A granddaddy in the world of manufacturing, machining has long been the key to making intricate, high-tolerance parts. This process is so ubiquitous that, to some laymen, machining is manufacturing.
Although a capable and versatile process, a downside to machining is that much of the original material ends up as waste. In some cases, machining removes more than half of the original material, generating more waste than part by volume.
Rather than starting with a billet, casting, or forging and machining it to final form, the additive process builds parts layer by layer, depositing material and using heat to fuse it. The result is much less waste.
Also, whenever a machined part calls for complex or intricate features, the designer has to keep in mind the limitations of the machine tool and often has to make a compromise here or there. Additive manufacturing (AM) allows much more latitude in feature design.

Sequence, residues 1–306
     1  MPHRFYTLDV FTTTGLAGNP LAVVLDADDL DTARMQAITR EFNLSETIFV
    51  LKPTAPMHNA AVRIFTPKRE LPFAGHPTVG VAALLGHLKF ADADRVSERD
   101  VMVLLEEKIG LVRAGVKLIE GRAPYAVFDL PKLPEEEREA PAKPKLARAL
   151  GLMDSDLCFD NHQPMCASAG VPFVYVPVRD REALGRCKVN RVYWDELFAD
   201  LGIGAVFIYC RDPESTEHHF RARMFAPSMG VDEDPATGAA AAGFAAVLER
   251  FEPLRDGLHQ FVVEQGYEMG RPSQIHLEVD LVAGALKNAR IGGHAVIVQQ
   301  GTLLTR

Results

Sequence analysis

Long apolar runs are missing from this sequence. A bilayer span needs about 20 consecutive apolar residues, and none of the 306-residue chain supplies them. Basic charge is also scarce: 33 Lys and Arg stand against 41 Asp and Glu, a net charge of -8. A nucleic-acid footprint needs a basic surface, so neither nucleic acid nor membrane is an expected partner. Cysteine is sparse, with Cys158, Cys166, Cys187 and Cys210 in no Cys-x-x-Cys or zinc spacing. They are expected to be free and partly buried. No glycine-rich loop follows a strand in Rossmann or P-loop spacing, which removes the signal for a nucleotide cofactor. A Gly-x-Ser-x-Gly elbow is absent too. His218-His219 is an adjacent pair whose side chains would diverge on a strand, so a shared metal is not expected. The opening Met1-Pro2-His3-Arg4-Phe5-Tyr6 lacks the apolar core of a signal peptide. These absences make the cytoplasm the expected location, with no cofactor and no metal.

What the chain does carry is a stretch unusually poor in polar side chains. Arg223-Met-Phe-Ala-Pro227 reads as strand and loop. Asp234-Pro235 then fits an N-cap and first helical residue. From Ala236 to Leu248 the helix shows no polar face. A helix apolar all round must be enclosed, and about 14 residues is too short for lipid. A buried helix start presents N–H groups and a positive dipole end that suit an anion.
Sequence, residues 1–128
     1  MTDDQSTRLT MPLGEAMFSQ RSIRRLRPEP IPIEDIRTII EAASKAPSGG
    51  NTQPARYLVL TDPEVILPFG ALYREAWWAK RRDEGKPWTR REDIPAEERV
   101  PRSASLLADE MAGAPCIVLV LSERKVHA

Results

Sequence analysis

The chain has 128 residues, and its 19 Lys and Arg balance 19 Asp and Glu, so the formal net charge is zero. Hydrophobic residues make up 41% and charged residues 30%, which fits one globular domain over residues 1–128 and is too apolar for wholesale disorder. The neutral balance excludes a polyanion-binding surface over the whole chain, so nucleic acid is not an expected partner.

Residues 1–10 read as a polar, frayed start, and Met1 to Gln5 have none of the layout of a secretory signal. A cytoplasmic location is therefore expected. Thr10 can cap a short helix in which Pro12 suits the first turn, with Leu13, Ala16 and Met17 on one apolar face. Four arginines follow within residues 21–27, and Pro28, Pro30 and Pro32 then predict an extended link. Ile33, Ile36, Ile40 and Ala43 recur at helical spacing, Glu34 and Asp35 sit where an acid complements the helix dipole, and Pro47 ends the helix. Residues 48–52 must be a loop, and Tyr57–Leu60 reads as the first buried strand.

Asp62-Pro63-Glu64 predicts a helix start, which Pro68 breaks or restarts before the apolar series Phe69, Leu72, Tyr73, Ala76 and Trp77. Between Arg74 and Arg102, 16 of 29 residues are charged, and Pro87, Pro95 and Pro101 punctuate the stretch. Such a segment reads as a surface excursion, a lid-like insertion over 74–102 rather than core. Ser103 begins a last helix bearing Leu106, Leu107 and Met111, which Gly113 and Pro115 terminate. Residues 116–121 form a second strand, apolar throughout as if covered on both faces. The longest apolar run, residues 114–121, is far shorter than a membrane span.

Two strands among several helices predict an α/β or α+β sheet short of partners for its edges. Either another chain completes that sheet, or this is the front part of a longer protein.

Keystone Engineering Co., Long Beach, Calif., a manufacturer of space-flight systems and vehicles, has found that AM can help it make some components more efficiently than with conventional manufacturing processes while meeting crucial strength and weight targets. (Note: Keystone changed its name to NuSpace Inc. after this story was filed.—Ed.)
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